It’s been a transient year for our family. One year in the mountains. When we moved earlier this year, we decided as a family, to take a year off from extracurricular activities. No soccer, ballet, Rhee Tae Kwon Do, music, art and ice-skating. Nothing. It’s been a wonderful thing for our family. There’s been no rushing around after school, no panicking to find ballet slippers and ice-skates, no Saturday mornings filled with hours and hours of sport, just hours of play and more family-time. We even stopped to smell the roses (literally) after school because we had time.
Here’s the problem: I desperately want my children to have both opportunities and time to just play. I’m just not sure if I can achieve both. This year it’s been nothing, the year before it was everything. Is there a middle ground? I’m trying to find the balance.
This year, I’ve noticed my children play for longer periods, engineer more complex games and are more creative. I’ve also noticed an increase in the time we spend as a family, from eating dinner together to playing red rover in the back yard. I attribute this directly to the amount of “free” time the children have to use their minds without structure and instruction and also, the extra time we have as a family because we aren’t ferrying four children around to different events. We’ve truly experienced a year of good old-fashioned play and family-time. I’m so glad we’ve become acquainted again.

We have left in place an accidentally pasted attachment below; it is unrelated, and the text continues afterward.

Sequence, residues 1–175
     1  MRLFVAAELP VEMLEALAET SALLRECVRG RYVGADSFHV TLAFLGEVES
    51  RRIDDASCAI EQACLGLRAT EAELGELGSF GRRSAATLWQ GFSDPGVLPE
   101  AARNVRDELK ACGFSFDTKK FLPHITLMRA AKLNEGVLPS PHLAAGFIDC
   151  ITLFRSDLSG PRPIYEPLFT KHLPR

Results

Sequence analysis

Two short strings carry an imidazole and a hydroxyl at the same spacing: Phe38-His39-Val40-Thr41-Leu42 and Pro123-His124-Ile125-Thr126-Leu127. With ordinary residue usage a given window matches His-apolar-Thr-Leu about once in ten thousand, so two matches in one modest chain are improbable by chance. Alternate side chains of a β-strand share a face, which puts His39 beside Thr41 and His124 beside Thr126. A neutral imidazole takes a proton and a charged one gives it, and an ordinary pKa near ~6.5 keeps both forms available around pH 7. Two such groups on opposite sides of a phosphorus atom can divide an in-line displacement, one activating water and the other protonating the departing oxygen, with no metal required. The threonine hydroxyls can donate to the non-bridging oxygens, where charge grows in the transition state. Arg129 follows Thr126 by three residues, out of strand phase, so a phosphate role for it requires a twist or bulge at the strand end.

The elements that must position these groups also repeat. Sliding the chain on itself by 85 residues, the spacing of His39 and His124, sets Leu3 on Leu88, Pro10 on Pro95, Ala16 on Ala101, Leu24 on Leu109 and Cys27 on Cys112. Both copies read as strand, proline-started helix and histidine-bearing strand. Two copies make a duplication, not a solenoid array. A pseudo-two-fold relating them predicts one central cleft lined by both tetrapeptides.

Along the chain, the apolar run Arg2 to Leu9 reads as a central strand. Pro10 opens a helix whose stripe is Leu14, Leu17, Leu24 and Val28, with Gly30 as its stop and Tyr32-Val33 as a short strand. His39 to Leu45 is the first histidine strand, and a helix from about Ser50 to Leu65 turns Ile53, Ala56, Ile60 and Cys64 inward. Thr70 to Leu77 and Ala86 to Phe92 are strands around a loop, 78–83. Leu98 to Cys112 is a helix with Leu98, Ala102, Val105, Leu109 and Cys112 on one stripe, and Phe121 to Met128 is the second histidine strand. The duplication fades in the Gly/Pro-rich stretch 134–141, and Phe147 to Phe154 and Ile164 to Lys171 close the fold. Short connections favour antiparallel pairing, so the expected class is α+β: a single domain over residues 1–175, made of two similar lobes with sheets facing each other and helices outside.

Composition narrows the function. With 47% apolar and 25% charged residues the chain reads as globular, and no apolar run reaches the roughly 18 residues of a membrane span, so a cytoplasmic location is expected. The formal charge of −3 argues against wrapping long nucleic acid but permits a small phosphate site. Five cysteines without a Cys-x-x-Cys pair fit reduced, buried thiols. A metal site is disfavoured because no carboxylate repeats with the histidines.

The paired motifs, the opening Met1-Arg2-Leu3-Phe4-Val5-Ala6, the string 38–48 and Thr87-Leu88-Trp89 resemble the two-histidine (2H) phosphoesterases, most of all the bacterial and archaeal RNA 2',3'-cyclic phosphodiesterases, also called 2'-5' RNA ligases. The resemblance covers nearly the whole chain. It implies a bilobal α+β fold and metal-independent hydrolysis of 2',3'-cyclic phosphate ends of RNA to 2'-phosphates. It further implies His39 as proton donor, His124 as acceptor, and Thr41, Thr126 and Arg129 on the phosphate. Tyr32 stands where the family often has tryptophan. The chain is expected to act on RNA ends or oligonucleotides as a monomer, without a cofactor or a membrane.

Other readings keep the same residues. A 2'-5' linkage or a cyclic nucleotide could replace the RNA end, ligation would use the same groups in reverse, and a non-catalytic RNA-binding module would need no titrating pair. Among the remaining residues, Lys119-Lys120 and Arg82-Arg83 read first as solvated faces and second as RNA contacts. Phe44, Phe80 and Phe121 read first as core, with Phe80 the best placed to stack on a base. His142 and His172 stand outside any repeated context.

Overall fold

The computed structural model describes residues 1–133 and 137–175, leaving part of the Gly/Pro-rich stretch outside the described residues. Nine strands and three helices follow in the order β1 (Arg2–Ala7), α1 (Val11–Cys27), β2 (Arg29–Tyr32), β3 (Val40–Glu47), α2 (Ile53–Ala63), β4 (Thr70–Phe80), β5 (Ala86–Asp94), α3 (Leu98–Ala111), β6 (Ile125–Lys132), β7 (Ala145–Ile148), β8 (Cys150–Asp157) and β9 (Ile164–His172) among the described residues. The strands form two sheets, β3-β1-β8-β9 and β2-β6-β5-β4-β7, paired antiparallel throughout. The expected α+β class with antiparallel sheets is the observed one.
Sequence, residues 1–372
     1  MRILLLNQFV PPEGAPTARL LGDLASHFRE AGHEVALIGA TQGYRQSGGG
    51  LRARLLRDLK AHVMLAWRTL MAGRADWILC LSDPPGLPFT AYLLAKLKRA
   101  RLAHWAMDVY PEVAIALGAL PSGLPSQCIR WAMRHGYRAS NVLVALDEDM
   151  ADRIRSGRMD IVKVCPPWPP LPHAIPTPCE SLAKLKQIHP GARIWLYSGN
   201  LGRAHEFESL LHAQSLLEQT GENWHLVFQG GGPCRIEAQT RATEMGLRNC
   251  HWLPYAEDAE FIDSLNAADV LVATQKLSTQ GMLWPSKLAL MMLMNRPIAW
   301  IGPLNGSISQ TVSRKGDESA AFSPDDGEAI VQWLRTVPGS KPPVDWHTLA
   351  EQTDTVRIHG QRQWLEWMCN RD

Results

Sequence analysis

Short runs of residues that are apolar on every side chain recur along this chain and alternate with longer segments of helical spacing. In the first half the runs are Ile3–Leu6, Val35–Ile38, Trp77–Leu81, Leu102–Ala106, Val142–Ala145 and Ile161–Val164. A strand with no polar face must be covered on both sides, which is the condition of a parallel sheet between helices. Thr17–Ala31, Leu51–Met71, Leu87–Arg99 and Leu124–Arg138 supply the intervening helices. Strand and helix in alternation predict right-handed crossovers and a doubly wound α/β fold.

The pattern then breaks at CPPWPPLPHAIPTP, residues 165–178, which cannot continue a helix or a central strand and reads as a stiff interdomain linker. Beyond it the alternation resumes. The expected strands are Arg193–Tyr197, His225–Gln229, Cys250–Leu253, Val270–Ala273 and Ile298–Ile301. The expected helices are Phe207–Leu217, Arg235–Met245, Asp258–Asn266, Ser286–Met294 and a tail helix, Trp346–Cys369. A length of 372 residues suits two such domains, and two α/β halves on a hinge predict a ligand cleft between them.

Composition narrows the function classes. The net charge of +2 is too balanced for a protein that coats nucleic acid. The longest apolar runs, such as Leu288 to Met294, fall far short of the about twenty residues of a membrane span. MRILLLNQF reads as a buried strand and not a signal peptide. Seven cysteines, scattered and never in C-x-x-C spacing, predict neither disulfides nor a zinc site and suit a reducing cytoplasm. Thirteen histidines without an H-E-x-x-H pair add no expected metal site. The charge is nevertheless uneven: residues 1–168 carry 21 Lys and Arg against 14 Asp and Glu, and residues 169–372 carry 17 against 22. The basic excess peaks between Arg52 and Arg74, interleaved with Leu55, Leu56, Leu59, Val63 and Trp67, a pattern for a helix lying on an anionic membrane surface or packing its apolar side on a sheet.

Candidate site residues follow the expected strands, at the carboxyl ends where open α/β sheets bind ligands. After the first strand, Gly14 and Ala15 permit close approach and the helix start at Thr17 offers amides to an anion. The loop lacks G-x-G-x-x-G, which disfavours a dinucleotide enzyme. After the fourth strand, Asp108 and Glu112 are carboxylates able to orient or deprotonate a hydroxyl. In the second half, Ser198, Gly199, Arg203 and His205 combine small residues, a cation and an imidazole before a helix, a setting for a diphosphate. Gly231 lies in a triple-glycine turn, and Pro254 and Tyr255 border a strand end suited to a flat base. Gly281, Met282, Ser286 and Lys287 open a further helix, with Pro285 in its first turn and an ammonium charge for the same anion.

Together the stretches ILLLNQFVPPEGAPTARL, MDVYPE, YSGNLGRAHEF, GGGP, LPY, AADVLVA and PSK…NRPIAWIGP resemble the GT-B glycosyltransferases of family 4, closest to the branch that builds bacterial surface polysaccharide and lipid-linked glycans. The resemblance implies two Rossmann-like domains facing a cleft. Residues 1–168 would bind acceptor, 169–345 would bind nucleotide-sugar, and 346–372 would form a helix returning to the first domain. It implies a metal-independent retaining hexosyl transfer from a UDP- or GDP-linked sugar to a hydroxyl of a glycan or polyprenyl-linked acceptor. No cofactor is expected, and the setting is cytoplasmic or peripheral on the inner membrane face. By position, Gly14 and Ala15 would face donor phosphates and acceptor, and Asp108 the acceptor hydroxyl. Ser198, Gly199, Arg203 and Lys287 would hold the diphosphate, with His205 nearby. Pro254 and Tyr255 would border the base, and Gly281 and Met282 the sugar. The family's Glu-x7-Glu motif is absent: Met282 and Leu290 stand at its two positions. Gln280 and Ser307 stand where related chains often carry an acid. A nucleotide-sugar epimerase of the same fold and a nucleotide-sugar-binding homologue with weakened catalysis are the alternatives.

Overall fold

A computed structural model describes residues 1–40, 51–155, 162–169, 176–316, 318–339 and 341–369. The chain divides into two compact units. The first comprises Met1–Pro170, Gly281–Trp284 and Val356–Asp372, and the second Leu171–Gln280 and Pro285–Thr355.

It can take time to get in the groove in terms of creative thinking and play, and time is something families often don’t have. Capturing Creativity by Robert Epstein is a good read on the subject of unlocking creativity.
I aim to give my children many opportunities to learn new skills and to pursue activities they love. Doing these sort of activities can help with organisation, social skills and confidence. This is important — I know — but at what cost? That is what I’m trying to work out.
I found this excellent article on the subject: Family Times: Seeking Balance — Pros and Cons of Extracurricular Activities.
Our family will be moving again soon and I will be introducing some extra activities into our life. However, I’m determined to take what I’ve learned this year into account. I’ve been thinking hard about how I can encourage unstructed play for my children so they can run, ride bikes, make cubbies and explore; yet also invest time so they can learn new skills in an area they love.
How many extra curricular activities is too much? I’d rather not put a number on it because it really depends on each family. As I introduce some extracurricular next year I’ll be keeping this in mind:
Family: Family comes first. If the extracurricular activities are hurting the family, it’s not worth it. It’s really not.
Children: Are the children stressed? Have they lost the ability to play for long periods? I don’t want my children to lose the ability to be their own teachers, to be creative or to solve problems.
This year, our family have been reacquainted with old-fashioned concept of family-time and play. It’s been, by far, the best year in terms of growth for our family unit. I’m not giving up on extracurricular activities, I’m trying to make sure they fit in our family without damaging it.
I’d love to know: what do you think about extracurricular activities? How does your family find the balance?
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